by David W. Henderson^{1}
Cornell University, Ithaca, NY 148537901, USA
# of students 
# who showed me new mathematics 
% who showed me new mathematics 
178  56  31% 
In this paper I give several examples of new mathematics (theorems and proofs) shown to me by my students. This will be followed by some reflections on the notion of proof which have helped me to make sense of why it is that I learn from my students. This will lead to more data from my students and connect the discussion to issues of multiculturalism in mathematics and to our descriptions of what is mathematics.
Mathematics Students Showed Me
There follows a few examples of mathematics I have learned from my students. I picked these examples because they were particularly powerful and clear proofs. It is possible that some of these new pieces of mathematics are known by others, but at the time I had not seen them before. As far as I know, none of these proofs have previously appeared in print. For conciseness and clarity, these examples are written in my words and not in the students' words:
Theorem 1: The sum of the angles of a (geodesic) triangle on the sphere is more than a straight angle.
Here is a proof that was discovered and shown to me by Mariah Magargee, a women first year student who was taking a course for "students who did not yet feel comfortable with mathematics" which is taught in the same style and using some of the same problems as the geometry course. In class I stressed that the students should remember that latitudes circles (except for the equator) are not geodesics and I urged them not try to apply the notions of parallel to latitude circles. Mariah ignored my urgings and came up with the following delightful proof:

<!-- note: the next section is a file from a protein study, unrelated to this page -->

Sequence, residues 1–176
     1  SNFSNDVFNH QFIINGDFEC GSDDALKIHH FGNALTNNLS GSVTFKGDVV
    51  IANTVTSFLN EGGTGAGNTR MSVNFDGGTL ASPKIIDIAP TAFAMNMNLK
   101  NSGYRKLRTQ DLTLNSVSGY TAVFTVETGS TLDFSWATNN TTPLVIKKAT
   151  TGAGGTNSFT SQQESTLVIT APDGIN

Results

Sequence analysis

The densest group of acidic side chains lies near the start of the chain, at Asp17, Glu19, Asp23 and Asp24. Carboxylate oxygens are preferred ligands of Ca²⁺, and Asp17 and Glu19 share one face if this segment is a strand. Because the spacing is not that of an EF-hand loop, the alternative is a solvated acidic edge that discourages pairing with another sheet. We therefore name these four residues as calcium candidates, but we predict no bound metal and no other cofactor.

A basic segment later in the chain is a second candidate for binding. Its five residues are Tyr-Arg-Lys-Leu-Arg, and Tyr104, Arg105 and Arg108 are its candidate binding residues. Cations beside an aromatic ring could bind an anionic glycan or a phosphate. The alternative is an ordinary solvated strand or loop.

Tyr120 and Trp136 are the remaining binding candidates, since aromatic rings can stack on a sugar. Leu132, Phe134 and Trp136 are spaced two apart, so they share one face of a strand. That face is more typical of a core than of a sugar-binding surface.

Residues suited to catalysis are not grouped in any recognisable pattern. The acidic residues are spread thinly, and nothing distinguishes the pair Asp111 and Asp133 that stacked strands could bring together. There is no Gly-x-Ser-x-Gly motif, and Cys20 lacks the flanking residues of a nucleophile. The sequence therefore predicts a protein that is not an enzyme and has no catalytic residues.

First note that:
Two latitude circles which are symmetric about the equator have the property that every (great circle) transversal has opposite interior angles congruent.
This follows because the two latitudes have halfturn symmetry about any point on the equator.
Now we can mimic the usual planar proof:
We see that the sum of the angles of the "triangle" in the figure sum to a straight angle. This is not a true spherical triangle because the base is a segment of a latitude circle instead of a (geodesic) great circle. If we replace this latitude segment by a great circle segment then the base angles will increase. Clearly then the angles of the resulting spherical triangle sum to more than an straight angle.
You can check that any small spherical triangle can be derived in this manner.
Theorem 2: Stereographic projection from a sphere to the plane is conformal (i.e. preserves the size of angles). [If the sphere is tangent to a plane P at its South Pole S then stereographic projection is the projection of the sphere from the North Pole N onto the plane P.]
The following proof was shown to me by Lucy Dladla, a Mosotho woman from South Africa. Instead of focusing on the plane P she focused on the plane Q tangent to the North Pole:
The angle between two great circles on the sphere is the same as the angle between the tangent vectors to these circles at the point of their intersection x. Let the tangents to these great circles at the point x intersect the plane Q in points L and K (if a tangent vector does not intersect the plane then use the opposite pointing vector). Let S(x) be the projection of x on the plane P. Now connect the points K and L with the point N. Kx@KN because they are two tangents to the sphere drawn from the same point; and Lx@LN due to the same reason. DKLx @ DKLN by SSS, therefore ÐKxL @ ÐKNL.
Now the circles are projected onto plane P as two curves emerging from the point S(x), the angle between these curves being equal to that between their tangent vectors. These tangents S(x)K´ and S(x)L´ are projections of the tangents xK and xL and are therefore, intersections of the planes NKx and NLx with the projection plane P. But the planes NKx and NLx intersect the plane Q parallel to the plane P, along the straight lines NK and NL, therefore the straight lines S(x)K´ and S(x)L´ are parallel, respectively to the lines NK and NL. Thus ÐK´S(x)L´ @ ÐKNL @ ÐKxL and the size of the angle is preserved.